Financial Markets For The Rest Of Us
An Easy Guide To Money, Bonds, Futures, Stocks, Options, And Mutual Funds
ADRs (American Depository Receipts) represent shares of a publicly traded foreign company that have been deposited with a US bank. ADRs are traded on US exchanges just like any other stocks. Each ADR does not necessarily equate to one equivalent share of the foreign company's stock. It may represent a fraction of one share or a few shares bundled together. This is done to keep the prices of the ADRs in line with their American counterpart stocks. ADRs are a good way to invest in foreign companies without having to buy their stocks on their domestic exchanges where their stocks are traded. And many foreign companies are interested in having their stocks traded as ADRs because it is the fastest and easiest way to attract American investors. Many companies issuing ADRs are reputable and well-known, such as Nokia, BP Amoco, and SAP. So while there are differences between ADRs and domestic stocks (caused by matters such as currency fluctuation and domestic market effects), the average investor can invest in them with the same approach as investing in US stocks. ADRs are also known as ADS (American Depository Shares).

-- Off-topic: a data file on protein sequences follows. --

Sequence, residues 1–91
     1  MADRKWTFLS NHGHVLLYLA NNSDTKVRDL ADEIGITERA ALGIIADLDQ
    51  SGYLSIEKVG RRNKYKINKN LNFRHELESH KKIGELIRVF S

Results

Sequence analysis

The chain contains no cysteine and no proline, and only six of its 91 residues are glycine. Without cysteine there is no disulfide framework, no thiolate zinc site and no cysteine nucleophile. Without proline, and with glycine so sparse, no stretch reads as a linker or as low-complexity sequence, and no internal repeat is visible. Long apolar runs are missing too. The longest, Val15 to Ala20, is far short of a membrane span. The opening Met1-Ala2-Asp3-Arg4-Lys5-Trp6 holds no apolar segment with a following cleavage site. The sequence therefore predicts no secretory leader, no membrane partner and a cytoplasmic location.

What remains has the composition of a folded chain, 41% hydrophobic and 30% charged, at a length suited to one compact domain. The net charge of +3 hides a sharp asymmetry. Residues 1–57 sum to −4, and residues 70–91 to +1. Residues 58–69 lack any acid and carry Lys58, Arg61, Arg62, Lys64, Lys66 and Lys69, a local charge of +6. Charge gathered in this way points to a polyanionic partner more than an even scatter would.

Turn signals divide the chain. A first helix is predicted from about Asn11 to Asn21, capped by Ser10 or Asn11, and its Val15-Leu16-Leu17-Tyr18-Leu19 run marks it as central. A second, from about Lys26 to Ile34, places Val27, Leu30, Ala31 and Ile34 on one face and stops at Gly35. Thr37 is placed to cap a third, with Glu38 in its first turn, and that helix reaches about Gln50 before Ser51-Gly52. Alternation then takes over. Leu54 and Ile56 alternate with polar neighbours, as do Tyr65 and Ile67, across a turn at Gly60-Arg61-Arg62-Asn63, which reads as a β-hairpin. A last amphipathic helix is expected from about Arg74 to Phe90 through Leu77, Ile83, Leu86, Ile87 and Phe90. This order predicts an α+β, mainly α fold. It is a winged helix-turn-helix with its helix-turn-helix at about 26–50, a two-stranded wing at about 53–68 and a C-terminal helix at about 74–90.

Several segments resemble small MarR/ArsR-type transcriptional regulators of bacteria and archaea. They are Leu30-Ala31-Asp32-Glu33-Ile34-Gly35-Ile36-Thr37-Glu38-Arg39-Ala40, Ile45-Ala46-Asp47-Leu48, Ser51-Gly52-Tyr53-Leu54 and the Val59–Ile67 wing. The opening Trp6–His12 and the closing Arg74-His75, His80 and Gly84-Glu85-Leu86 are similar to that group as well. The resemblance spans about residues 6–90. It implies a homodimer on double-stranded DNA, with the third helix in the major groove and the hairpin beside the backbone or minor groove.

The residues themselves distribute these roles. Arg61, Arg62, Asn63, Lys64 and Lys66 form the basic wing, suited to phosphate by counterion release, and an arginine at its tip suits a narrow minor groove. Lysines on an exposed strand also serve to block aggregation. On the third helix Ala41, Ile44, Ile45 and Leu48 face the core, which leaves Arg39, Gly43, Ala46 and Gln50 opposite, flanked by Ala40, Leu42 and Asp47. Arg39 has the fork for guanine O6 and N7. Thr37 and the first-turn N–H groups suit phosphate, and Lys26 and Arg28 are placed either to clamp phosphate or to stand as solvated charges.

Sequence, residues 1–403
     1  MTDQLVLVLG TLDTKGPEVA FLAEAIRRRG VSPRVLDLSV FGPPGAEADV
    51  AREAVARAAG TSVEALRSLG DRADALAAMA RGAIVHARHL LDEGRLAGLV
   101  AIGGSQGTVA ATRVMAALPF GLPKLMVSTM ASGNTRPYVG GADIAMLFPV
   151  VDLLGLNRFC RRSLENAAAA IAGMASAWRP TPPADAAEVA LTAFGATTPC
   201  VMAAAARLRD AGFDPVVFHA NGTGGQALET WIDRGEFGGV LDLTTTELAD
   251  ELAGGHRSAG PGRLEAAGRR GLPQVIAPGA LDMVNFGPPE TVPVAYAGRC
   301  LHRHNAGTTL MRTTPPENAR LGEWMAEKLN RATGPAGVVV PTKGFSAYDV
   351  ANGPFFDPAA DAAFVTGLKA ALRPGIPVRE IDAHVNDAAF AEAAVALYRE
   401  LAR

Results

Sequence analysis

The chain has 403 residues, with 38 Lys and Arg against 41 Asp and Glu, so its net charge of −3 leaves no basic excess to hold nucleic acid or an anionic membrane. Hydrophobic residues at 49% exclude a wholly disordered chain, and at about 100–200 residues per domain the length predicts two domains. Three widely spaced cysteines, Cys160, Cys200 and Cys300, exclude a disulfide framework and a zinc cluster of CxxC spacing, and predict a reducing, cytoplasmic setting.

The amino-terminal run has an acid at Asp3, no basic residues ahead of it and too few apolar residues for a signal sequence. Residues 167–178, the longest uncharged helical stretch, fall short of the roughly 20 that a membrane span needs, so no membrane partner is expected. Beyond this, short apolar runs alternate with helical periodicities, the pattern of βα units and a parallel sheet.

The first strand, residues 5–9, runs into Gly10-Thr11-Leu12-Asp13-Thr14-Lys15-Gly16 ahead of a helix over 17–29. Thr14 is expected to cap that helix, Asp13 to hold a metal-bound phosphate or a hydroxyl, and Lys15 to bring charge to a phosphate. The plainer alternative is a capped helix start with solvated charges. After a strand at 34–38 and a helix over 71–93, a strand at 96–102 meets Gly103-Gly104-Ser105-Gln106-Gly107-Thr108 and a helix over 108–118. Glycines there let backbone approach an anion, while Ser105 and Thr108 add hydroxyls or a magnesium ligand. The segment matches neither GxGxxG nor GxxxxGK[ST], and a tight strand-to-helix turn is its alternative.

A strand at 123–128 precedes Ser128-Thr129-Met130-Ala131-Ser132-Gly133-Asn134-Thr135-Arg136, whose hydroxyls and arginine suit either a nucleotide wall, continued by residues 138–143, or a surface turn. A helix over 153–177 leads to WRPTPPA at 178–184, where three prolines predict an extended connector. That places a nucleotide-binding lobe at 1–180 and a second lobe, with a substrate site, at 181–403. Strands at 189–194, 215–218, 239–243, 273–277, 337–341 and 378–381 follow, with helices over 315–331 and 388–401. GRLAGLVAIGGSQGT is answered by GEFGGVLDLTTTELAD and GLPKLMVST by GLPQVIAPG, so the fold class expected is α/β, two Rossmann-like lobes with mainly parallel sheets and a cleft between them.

Blue Chip Stocks
Blue chips refer to well established, well recognized, and prestigious companies whose stocks have proven themselves as good and safe investments over the years. This is a reference to the blue chips used in poker, which have the most value among all chips. Blue chip stocks are perhaps the safest stocks one could invest in. The 30 stocks which make up the DJIA, such as GE, IBM, and Exxon Mobil, are all considered blue chips. For years IBM has been referred to as the Big Blue, as its stock reputation for safety and growth potential outstripped all others. Blue chip stocks could be thought of as the opposite of pink sheet stocks. Keep in mind, however, that just being labeled a blue chip stock does …
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